Walter Cardinal Kasper
- Created: March 20, 2011
- Written by Walter Cardinal Kasper
Cardinal Kasper contributed the following foreword to the book, Christ Jesus and the Jewish People Today: New Explorations of Theological Interrelationships, published in March 2011 in the United States by William B. Eerdmans Publishing Company and in Europe by Gregorian and Biblical Press. The volume is the result of a five-year research project undertaken by scholars from Europe, North America, and Israel whose work the cardinal had followed and encouraged.
In 2010, the official dialogue between the Jewish people and the Catholic Church can celebrate two anniversaries: a 50th anniversary, for on September 18, 1960 Pope John XXIII gave Cardinal Augustin Bea the task of conducting dialogue with Jews; and a 45th anniversary, for on October 28, 1965 Pope Paul VI solemnly promulgated Vatican II’s Nostra Aetate, the declaration that is fundamental for this dialogue. I am glad that the present volume can appear on this occasion, and I would like to express my deepest thanks to all who were involved in its realization.
In this foreword I would like to set the present volume into the context of the recent history of Jewish-Christian relations and then to make some fundamental points about the relationship between Judaism and the Church from my perspective.
The history of Jewish-Christian relations is complex and difficult. In addition to some better times, as when bishops took Jews under their protection against pogroms by mobs, there were dark times that have been especially impressed upon the collective Jewish consciousness. The Shoah, the state-sponsored organized murder of approximately six million European Jews, based on a primitive racial ideology, is the absolute low point in this history. The Holocaust cannot be attributed to Christianity as such, since it also had clear anti-Christian features. However, centuries-old Christian theological anti-Judaism contributed as well, encouraging a widespread antipathy for Jews, so that ideologically and racially motivated anti-Semitism could prevail in this terrible way, and the resistance against the outrageous inhuman brutality did not achieve the breadth and clarity that one should have expected.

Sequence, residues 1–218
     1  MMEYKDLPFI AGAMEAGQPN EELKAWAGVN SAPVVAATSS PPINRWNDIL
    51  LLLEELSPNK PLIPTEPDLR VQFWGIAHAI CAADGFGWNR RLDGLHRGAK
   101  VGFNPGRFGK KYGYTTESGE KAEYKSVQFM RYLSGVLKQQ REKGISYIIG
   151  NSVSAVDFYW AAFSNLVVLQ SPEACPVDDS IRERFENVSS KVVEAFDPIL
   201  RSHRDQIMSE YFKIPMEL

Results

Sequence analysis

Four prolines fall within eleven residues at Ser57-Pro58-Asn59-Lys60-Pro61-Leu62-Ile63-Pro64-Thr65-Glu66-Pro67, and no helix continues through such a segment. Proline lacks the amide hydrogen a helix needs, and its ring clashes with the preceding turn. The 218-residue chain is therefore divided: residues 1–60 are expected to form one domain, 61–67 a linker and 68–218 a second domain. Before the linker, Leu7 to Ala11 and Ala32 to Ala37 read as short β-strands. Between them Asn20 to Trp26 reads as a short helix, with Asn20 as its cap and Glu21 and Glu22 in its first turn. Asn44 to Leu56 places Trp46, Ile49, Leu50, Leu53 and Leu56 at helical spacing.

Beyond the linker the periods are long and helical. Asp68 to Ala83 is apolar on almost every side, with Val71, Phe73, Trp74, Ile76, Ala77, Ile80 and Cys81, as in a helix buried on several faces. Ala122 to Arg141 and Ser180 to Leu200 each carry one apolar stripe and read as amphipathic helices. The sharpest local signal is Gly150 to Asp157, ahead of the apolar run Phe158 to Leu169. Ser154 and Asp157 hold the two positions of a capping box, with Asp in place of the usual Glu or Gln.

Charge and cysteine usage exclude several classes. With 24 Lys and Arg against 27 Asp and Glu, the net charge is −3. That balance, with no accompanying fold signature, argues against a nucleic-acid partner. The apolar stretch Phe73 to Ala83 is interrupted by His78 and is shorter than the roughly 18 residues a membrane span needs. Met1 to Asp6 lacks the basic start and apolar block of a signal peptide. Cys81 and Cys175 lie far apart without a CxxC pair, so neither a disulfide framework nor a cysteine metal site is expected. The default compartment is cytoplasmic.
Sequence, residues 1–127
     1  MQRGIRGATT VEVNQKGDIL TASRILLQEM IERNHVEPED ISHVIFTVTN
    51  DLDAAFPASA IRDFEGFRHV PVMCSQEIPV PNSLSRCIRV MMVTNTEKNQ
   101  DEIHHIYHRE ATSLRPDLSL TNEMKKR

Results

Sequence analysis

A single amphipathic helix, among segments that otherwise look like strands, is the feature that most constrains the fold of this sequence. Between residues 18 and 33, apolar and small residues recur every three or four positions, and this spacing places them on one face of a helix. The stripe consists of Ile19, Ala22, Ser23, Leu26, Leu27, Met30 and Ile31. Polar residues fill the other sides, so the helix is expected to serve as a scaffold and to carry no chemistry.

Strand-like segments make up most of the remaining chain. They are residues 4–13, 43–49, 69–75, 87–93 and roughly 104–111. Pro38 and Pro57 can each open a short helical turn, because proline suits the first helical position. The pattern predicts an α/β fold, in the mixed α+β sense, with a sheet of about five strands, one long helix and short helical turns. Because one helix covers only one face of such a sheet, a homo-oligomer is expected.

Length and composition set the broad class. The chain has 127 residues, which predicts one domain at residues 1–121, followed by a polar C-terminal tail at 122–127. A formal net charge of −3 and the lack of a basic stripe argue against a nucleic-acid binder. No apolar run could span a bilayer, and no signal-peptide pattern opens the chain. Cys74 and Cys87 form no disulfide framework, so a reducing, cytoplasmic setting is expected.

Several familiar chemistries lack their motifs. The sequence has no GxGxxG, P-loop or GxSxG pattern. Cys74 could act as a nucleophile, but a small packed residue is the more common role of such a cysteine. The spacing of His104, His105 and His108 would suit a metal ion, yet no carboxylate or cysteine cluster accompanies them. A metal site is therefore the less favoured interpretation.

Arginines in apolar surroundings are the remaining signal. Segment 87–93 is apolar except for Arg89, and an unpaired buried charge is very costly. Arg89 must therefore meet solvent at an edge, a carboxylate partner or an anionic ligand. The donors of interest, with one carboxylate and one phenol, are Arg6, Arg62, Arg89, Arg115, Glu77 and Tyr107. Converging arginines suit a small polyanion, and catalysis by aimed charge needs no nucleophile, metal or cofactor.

Unfortunately, it required the unprecedented crime of the Shoah for a fundamental rethinking to come about. This happened after 1945 in all the mainline churches. On the Catholic side the declaration of Vatican II, Nostra Aetate, was the decisive turning point. It is ― as Benedict XVI made absolutely clear once again during his visit to the Roman synagogue on January 17, 2010 ― irrevocable. It is irreversible because of the plain fact that the decisive theological arguments of the declaration Nostra Aetate are firmly established in two higher-ranking conciliar constitutions, the Dogmatic Constitution on the Church (Nos. 6, 9, 16) and the Dogmatic Constitution on Divine Revelation (Nos. 3, 14).
In the declaration Nostra Aetate two statements are of special importance. Fundamental is the recognition of the Jewish roots of Christianity and its Jewish heritage. Based on these common roots and common heritage, as Pope John Paul said during his visit to the Roman synagogue on April 13, 1986, Judaism is not external but internal to Christianity; Christianity is in a unique relationship with it. This overrode the old anti-Judaism. The second important statement concerns the condemnation of anti-Semitism. In the declaration, the Church deplores "all outbreaks of hatred, persecution, displays of anti-Semitism that have been directed at any time and by anyone against the Jews." Both statements have been explicitly confirmed by Popes John Paul II and Benedict XVI several times, particularly during their visits to the Roman synagogue and to Auschwitz, among other occasions.
The council's statement has not remained a dead letter: since then many decisive things have happened in order to translate the declaration into life and into reality. Above all, the visits of Pope John Paul II and Pope Benedict XVI to the Roman synagogue and to the Holy Land, and likewise the visits to Rome by high-level Jewish delegations, have eloquently expressed the newly-grown relationship and have strengthened it further. Thus, mutual estrangement has been reduced, and trust, cooperation and friendship have been built. Furthermore, the recognition of the State of Israel by the Holy See and the establishment of formal diplomatic relations 1993 were only possible on the basis of Nostra Aetate.